It’s probably a first. During the presentation on Tuesday morning of the music market results for the past year, not once was the word piracy spoken! Growing for the fourth consecutive year, the sector which has regained color has visibly moved on to something else. With progression “Sustained” of the recorded music turnover to 5.4% and 772 million of receipts, this long moribund market was again pulled by the streaming (59% of the sales), while the physical supports fall again by 10% . And if the CD remains the second most profitable format after streaming, thanks to a network which still has 4,000 points of sale, vinyl confirms as everywhere its good health. Sales are up 12% and now represent 20% of the physical market, with 42% of buyers under the age of 30.

Another recurring and long controversial subject in the sector, the share of paid subscriptions to Spotify, Deezer, Qobuz, Apple Music and others also continues to grow. For the first time last year, the 10% mark was reached with 9.4 million paying users including family offers. These paid subscriptions increased by 18.5%, generating almost 80% of streaming revenues and almost half (46%) of total sales. “This is a very encouraging result, said Alexandre Lasch, director general of Snep, the main French union of producers, publishers and distributors of recorded music. However, streaming is still far from being a mature market and has immense room for improvement. In 2019, the market has barely caught up to the level of ten years ago and is still only 44% of that of 2002 “, year of the music industry’s peak in France, with 1.4 billion euros in revenue generated.

The French prod at the top of the sales

Another source of satisfaction is that the past year has made a big splash for music of “local” origin (produced in France) and of French-speaking expression. 19 of the 20 best-selling albums are local productions and 80% of the Top 200. Belgian artist Angèle comes out on top and Lady Gaga is the only non-French-speaking artist in the top 20. 46 young talents rank a first album among the 200 best listens and sales, 44% of which relate to urban music. President of Snep and Universal Music France, Olivier Nusse has sought to put into perspective this predominance of urban music concomitant with the rise of streaming, and which makes some teeth cringe in the sector. “Younger people don’t listen to urban music and its repertoires becoming more and more mixed with other genres, more ethnic, electro or pop”, nuance there. The classification in urban music remains very subjective and the boundaries are less defined, he adds. “During the last Grammy Awards, I could see the Aerosmith rockers doing a common scene again with Run-DMC.”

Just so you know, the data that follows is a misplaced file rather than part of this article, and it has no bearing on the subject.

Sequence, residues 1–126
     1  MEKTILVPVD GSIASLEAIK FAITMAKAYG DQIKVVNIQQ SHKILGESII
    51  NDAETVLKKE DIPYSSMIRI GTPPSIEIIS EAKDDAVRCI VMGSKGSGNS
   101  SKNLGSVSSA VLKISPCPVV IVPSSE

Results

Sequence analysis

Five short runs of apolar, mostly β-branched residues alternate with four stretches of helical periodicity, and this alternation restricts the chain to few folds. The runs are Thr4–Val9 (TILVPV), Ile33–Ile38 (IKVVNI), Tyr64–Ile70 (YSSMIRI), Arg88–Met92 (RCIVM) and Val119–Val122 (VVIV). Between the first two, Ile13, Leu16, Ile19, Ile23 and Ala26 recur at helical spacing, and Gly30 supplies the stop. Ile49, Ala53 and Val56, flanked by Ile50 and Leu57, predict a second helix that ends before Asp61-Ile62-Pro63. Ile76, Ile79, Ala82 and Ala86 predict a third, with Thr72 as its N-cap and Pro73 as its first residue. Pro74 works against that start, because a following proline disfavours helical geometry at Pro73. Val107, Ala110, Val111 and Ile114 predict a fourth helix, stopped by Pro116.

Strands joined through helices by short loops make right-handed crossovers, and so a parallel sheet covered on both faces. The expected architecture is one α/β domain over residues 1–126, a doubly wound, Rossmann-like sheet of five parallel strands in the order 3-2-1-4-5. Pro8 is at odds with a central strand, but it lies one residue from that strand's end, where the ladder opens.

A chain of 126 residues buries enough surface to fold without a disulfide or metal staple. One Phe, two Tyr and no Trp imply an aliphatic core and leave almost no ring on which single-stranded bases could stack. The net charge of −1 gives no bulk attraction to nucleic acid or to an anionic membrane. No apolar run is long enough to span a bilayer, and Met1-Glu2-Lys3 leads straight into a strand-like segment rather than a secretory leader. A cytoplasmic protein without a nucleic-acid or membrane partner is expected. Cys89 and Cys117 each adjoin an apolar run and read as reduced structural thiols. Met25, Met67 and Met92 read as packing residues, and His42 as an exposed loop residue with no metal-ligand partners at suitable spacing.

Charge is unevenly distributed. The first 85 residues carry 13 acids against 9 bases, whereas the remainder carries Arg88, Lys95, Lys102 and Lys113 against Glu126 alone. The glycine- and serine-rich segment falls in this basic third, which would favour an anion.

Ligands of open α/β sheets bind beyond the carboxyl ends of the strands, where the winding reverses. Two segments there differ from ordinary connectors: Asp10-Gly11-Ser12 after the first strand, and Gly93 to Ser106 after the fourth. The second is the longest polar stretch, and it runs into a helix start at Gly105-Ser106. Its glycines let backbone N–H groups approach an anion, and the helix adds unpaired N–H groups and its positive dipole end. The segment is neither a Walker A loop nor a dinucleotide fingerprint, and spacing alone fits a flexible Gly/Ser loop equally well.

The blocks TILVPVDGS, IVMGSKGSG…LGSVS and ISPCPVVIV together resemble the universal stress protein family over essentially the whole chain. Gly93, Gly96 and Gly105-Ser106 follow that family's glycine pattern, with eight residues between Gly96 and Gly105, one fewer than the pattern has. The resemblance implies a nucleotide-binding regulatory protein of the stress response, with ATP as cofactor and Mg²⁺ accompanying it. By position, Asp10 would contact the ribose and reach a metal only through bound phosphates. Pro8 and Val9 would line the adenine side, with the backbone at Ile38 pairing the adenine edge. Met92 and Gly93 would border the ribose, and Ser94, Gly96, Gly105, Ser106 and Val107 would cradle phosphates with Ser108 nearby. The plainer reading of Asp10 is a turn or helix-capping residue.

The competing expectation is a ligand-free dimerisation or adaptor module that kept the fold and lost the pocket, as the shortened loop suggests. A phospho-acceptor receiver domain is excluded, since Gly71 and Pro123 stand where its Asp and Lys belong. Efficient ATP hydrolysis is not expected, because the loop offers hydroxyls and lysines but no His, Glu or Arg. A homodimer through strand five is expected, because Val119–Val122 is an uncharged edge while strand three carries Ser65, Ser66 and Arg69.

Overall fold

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In terms of uses, music confirms its status as the leading leisure activity in France. It is more and more listened to, at the rate of nine hours per week on average for a paying subscriber to a streaming service, and more than eleven hours among 16-24 year olds. And if physical music benefited from a strong seasonality, with sales mainly concentrated at the end of the year, streaming, often synonymous with shortened songs, longer albums and especially an explosion in the number of singles, can be listened to the weather and all year round. For Alexandre Lasch, who invites to be wary of “Magnifying glass effects” around urban music, “The enlargement of streaming subscribers will gradually correct the phenomenon of overexposure of the rap, hip-hop and rnnb repertoires”. In other words, streaming should end up looking more and more like the reality of music consumption outside of networks. Its primary vehicle for discovery and dissemination remains radio.

Negotiation with YouTube

Among the rare subjects that continue to tickle the sector, Snep has only indicated that it expects a lot from the negotiations that are opening with YouTube, in the framework of the new European copyright directive transposed in the French right. While its parent company, Google, has so far taken refuge behind the hosting status of the platform to impose very low repayments on rights holders, thanks to a power relationship that was very favorable to it (the difference goes from 1 at 18 between YouTube and Spotify), the renegotiation of contracts must succeed “At least a doubling” sums transferred, hopes Snep.

Another good news for the sector: the CNM sea serpent, the national music center, the “common house” of all professionals, as we present it, has finally come into being after years of painful gestation. Launched on 1st January, this new public body supporting musical creation arrives with 7.5 million euros in new grants to distribute, bringing the total to around fifty million per year. That’s to say that it’s welcome while waiting to see how this pretty cake rab is going to be distributed.

Christophe Alix

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